At the time of the webinar event, Ms. Seagraves helped to produce Emory’s first DEI newsletter, which contains bite-sized information about the health system’s efforts and initiatives. She’s also in the process of setting up online support groups, which employees can join to connect with colleagues with whom they identify. “Our system is being strategic about how we celebrate and value every heritage month or day. We have been more inclusive and intentional in our efforts to make sure we celebrate all cultures,” says Ms. Seagraves.

Emory also recognized Juneteenth with a system-wide celebration and collaborated with its schools of medicine, public health and nursing to put on a shared screening of the documentary “Power to Heal: Medicare and the Civil Rights Revolution,” followed by panel discussions about equity in access to care. “It was a powerful crossover event,” says Ms. Seagraves. 

All the opportunities employees have to directly impact DEI efforts translates into better patient care, according to Melanie Zaboth, director of operations of ambulatory surgery centers at Emory. “We’re all more involved, listening to one another and making sure we’re respectful,” she says.

Emory’s DEI efforts go beyond planned events. Ms. Kier oversees frontline team members who field inbound communications from patients and their loved ones. “It’s really important that they feel safe, seen and heard when they contact us and that our team mirrors the communities we serve in all the right ways,” she says. “We conduct a lot of intentional coaching and training to ensure employees are respectful, courteous and thoughtful in how they’re responding to all patients.”

Ms. Zaboth is grateful to work for an organization that’s focusing on compassionate inclusion. “I’m proud of this organization, about the efforts it’s made to promote DEI and the actions we’ve taken,” she says. “It comes down to reminding us all to be respectful in every way and at every level.” OSM

Celebrating Their Differences
Honorable Mention
EAT AND GREET A potluck is a fun way to promote cultural diversity in the workplace.  |  Sloan Kettering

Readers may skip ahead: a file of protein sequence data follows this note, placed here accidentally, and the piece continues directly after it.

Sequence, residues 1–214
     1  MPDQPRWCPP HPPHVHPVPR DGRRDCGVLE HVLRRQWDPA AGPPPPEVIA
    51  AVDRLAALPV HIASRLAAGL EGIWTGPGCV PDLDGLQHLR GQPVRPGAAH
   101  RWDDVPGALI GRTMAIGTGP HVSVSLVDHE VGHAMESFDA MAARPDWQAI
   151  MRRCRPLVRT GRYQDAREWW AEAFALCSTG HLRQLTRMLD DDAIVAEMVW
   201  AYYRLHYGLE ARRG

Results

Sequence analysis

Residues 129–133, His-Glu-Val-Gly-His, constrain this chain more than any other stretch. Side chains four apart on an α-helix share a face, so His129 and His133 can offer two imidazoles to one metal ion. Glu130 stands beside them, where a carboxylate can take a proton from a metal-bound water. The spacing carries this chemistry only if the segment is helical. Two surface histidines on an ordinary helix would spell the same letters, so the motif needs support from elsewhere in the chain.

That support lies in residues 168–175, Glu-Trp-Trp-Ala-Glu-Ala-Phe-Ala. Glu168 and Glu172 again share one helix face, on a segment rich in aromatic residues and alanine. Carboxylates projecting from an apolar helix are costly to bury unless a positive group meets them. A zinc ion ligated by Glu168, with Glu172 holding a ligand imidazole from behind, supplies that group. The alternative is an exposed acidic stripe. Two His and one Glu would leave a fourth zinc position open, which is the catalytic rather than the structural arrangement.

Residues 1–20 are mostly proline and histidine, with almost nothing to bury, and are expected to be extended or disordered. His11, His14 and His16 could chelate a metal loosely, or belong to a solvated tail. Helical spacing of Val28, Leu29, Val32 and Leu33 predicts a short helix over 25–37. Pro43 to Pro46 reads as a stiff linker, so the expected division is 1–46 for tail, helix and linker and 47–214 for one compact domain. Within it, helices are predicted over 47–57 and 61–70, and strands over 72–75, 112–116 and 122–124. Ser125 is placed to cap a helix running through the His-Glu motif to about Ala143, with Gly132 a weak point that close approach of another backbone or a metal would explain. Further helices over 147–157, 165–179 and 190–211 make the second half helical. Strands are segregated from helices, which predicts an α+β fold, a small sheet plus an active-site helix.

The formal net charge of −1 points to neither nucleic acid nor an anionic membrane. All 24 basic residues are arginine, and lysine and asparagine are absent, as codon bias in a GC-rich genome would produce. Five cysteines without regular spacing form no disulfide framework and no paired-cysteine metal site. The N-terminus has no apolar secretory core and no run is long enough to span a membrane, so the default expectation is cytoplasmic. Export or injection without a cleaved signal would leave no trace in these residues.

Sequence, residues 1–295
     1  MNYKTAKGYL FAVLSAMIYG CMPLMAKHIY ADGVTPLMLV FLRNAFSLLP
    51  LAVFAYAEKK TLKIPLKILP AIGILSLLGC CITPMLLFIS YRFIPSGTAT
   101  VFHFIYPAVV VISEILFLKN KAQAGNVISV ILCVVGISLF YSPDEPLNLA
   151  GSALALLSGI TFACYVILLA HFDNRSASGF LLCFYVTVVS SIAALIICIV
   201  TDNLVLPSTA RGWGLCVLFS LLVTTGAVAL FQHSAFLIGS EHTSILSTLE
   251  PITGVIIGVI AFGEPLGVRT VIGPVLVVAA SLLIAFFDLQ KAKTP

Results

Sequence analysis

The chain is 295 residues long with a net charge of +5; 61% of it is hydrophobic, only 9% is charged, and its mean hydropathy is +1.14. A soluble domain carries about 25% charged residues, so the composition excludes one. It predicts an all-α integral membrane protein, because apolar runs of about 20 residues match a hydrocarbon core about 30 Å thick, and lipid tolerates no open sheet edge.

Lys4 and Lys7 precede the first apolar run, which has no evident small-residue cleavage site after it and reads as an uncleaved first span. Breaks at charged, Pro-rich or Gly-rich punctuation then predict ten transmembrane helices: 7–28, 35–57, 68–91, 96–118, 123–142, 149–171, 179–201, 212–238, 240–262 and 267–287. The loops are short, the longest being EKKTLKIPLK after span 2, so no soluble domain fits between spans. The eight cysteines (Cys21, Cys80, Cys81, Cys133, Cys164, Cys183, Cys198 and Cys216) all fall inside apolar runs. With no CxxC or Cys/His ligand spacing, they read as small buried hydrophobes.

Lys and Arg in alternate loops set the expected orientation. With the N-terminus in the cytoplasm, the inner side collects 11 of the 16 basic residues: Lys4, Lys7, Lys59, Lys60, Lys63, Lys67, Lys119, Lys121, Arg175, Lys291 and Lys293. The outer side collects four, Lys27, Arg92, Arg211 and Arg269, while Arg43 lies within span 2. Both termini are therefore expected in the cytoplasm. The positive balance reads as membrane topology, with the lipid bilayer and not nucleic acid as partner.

The Memorial Sloan Kettering Josie Robertson Surgery Center sits in the heart of Manhattan, where its diverse workforce serves diverse patients who travel from across the country and around the globe to receive world-class surgical care. “We’re a melting pot of several diverse cultures,” says Grace Carlos, MSN, RN, CNOR, CNAMB, the center’s nurse leader.

A dedicated website on the health system’s intranet keeps the staff informed of diversity, equity and inclusion (DEI) programs and upcoming events. Sloan Kettering’s DEI council is comprised of advisors from different units within the facility. Ambassadors from the security department, environmental services, project managers, nursing staff and members of the surgical team collaborate to come up with team-building exercises that are focused on increasing awareness of DEI issues.

Soap Box chats is one of the ongoing programs. In one, Carol Brown, the health system’s chief health equity officer, talked about her life and career journey, her struggles and how she ended up in her current position. Staff members could attend the session in person or virtually. An engaging and provocative conversation ensued.

A multicultural potluck was another successful event. Staff members were invited to bring in dishes that celebrated their heritages for their colleagues to taste as they got to know each other on a more personal level.

“The events make us feel like more of a family,” says Ms. Carlos. “We’re a big institution, but the DEI program brings us closer because we learn about the things that connect us. We’re more aware and sensitive to each other’s differences, but we’re also more aware of the similarities that bond us together.”

It’s a level of understanding that makes the entire staff more culturally aware when caring for a diverse patient population. “What we learned during the Soap Box chats or the potluck event stays in the back of our minds, and we can apply the lessons to how we care for all patients — and that ultimately results in improved outcomes,” says Ms. Carlos. 

Dan Cook